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Abortion is a fact of life
Article from 'Last Magazine'

The following article, together with many other thought-provoking pieces, appears in 'Last Magazine'. To order a copy call 020 269 9222 or mail sallym@jpgraphics.co.uk

Abortion is a fact of life

An advert designed to bring abortion out of the closet landed Ann Furedi in the middle of controversy. Why?

It is not difficult to get an abortion in Britain. This is a cause of distress for the minority who think the procedure should be banned, but a source of immense relief for sexually active women who do not want to be pregnant.

The legitimacy of abortion, at least in early pregnancy, is now largely accepted. The law that still forbids abortion unless two doctors confirm that a woman meets medical criteria is interpreted liberally by most medical practitioners. They understandably believe that forcing a woman to continue with an unwanted pregnancy is likely to be detrimental to her health.

It is a problem that the procedure may not always be free: a quarter of women find that although they meet the legal criteria for abortion, they do not meet local NHS funding criteria. NHS rationing policies tend to favour the provision of free care to those who most need economic assistance. But abortions are usually affordable for those excluded from NHS funding. The 40 000 or so women who pay for their own abortions usually receive care from the providers that operate on a not-for-profit basis.

Abortion services may not always be available locally; often, local hospitals provide a limited service causing women to travel to specialist clinics. But a woman determined to end her pregnancy will invariably find a safe, legal, affordable means to do so. The abortion service today is tightly regulated and closely inspected by health officials. This, and the existence of the charitable providers, has meant that there is no profiteering private sector making money from women¹s misery.

There seems to be no public will to restrict abortion. Opinion polls repeatedly show that public opinion favours legal abortion and that support for it has increased during the past decade. Most people agree, in principle, that women should be able to control their fertility. Indeed, most people believe that couples should limit their families to the number of children they can support and care for. Parenting is seen as a challenging and responsible task that requires preparation and motivation. This does not sit easily with demanding that women be forced to have and care for children they do not want.

There is little significant pressure on policymakers to make abortion harder to access, and there has been considerable professional pressure to reduce some bureaucratic barriers that have for years compromised the quality of abortion care. Last year the Department of Health quietly revised the regulations governing practice by specialist providers of abortion services, so as to allow more women to have day-care procedures. Earlier this year the Royal College of Obstetricians and Gynaecologists, with funding from the Department of Health, produced national guidelines to shape clinical practice. The document makes it emphatically clear that abortion should be regarded as central to reproductive healthcare services.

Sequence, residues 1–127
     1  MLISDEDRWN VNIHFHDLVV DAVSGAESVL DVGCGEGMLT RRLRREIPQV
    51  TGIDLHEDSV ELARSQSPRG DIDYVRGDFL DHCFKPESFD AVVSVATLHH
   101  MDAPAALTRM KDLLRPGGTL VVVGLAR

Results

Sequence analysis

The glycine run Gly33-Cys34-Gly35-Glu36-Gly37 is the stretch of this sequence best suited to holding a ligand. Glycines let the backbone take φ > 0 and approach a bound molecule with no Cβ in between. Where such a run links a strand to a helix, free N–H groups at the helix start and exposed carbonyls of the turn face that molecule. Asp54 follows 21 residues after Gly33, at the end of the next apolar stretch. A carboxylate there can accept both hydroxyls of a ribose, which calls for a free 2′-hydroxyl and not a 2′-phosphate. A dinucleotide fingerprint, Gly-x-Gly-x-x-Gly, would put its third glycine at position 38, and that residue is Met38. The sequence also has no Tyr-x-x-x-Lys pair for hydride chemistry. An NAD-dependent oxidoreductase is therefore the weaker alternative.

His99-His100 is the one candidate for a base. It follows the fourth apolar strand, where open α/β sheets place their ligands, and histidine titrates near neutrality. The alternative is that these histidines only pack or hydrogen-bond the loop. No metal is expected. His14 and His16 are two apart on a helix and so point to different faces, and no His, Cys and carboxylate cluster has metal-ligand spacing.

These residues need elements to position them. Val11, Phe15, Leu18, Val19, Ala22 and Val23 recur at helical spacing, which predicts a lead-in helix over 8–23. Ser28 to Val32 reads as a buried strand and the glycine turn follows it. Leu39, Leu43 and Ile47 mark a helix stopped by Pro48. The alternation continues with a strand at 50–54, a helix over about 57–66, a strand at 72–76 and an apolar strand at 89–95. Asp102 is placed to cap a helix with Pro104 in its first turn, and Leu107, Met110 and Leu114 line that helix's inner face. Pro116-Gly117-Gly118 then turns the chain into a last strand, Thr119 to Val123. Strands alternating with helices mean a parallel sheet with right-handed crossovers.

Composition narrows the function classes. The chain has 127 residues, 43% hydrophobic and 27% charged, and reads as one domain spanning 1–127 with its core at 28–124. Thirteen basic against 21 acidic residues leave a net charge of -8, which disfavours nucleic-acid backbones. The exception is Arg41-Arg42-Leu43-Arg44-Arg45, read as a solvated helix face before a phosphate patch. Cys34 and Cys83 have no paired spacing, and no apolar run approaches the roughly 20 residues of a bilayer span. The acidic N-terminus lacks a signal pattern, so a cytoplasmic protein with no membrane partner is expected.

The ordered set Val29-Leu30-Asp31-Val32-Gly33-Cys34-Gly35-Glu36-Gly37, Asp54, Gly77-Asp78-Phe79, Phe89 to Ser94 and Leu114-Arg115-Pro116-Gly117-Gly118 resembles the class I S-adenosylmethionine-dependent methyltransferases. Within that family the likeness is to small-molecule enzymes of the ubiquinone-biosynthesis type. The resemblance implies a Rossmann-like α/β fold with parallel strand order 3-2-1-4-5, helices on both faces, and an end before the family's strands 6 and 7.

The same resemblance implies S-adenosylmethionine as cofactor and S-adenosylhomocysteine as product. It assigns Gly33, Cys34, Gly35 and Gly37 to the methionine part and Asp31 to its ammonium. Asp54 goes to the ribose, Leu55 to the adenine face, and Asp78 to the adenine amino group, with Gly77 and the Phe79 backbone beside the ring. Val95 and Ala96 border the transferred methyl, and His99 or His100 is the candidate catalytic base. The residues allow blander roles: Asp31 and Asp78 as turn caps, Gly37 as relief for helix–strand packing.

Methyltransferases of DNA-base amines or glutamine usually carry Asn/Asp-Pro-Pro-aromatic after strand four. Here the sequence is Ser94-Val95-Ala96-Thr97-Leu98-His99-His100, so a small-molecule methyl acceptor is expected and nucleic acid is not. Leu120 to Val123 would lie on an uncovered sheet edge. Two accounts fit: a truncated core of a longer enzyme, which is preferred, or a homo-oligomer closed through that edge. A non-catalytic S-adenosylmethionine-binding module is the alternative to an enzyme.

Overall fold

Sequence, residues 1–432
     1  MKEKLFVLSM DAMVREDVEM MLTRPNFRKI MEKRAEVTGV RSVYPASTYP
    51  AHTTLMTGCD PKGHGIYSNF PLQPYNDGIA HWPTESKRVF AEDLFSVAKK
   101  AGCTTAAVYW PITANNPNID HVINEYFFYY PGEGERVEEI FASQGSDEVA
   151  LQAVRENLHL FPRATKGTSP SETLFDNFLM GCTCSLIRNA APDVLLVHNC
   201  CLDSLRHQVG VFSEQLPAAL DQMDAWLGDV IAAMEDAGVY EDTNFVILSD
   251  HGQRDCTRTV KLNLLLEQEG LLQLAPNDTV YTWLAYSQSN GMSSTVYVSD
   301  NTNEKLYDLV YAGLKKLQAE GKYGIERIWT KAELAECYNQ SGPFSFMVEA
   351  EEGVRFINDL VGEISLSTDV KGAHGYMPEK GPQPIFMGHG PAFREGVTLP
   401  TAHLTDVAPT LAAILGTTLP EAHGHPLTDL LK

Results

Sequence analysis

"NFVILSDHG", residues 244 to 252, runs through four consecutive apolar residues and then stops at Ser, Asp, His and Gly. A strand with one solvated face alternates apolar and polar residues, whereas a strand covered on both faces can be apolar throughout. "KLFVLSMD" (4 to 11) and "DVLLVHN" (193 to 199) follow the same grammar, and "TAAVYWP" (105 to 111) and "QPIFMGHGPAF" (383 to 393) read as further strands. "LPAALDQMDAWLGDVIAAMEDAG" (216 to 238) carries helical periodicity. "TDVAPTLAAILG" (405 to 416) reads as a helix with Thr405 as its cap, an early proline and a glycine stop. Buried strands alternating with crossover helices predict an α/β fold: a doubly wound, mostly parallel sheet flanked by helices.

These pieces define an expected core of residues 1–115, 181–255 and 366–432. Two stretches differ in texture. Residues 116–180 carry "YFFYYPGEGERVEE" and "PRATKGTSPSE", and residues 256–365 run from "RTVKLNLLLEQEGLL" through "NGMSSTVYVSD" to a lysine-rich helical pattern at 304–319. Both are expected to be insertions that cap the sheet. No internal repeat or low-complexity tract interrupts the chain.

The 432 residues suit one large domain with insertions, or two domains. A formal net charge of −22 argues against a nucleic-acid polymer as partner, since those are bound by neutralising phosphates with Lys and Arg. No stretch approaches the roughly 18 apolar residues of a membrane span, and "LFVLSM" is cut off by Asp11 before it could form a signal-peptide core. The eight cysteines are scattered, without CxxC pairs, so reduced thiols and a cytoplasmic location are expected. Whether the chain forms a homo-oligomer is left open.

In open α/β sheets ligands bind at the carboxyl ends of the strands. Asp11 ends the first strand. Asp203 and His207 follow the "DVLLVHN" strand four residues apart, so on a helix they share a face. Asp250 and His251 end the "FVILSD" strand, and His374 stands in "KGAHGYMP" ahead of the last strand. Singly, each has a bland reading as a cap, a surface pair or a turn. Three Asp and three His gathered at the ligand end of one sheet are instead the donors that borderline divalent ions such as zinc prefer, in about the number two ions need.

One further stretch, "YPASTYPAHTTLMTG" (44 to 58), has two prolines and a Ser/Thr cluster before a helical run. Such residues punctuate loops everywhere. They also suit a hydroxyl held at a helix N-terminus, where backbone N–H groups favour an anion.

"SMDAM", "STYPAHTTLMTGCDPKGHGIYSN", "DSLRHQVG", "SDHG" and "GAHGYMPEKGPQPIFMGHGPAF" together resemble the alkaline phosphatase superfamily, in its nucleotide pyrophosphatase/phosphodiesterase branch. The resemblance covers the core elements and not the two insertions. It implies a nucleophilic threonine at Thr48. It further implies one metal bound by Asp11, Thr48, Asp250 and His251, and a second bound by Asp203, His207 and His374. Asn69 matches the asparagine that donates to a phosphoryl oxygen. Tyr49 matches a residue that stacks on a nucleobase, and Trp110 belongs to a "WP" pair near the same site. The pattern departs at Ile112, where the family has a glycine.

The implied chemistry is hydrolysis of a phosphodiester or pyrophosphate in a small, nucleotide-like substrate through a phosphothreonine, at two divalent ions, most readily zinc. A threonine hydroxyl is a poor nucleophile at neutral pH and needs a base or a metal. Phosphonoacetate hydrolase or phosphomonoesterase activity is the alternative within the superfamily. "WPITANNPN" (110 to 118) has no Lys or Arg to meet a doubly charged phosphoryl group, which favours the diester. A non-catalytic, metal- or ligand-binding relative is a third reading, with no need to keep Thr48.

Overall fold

Conservative politicians and policymakers may not like the idea of abortion, they may wish it wasn¹t necessary, but, as it obviously is, the overwhelming majority accept it. Occasional calls to restrict the abortion law are met by most with embarrassment. The policy implications of compelling women to carry unwanted pregnancies to term are mind-boggling. Think of all the social support these unwilling mothers would need. Of course there are some shrill voices, primed and ready to denounce abortion as murder, but they are rarely taken seriously outside their circles of supporters. Even many of those who have moral objections to the ending of fetal life tend to draw back at imposing their views on others.

Abortion is undeniably a fact of life in modern Britain. Around 190 000 pregnancies are terminated here every year. Many of these women will have done their utmost to prevent the pregnancy by using contraception, giving the lie to the claim that abortions could be prevented by better contraceptive practice. The numbers might be reduced if we all approached sex with the detached rationality required to keep in mind safer sex advice every time we felt lusty. But even then, unwanted pregnancies would occur. You might feel safe using oral contraception with its one-in-a-hundred failure rate (when used precisely according to the instructions). Yet when you consider that three million women use the pill, that still adds up to 30 000 unplanned pregnancies to goody-two-shoes pill takers. As for the more normal scatterbrains who forget to take it every now and again, or the many who prefer other, less reliable, contraceptive methods, the odds are stacked much higher. If you have sex, but you don't want a baby, your chances of meeting an abortion doctor some time in your life are pretty high. Official estimates suggest that four women out of every 10 use an abortion service to end a pregnancy. For the overwhelming majority it is an episode under which they draw a line and after which they move their lives on.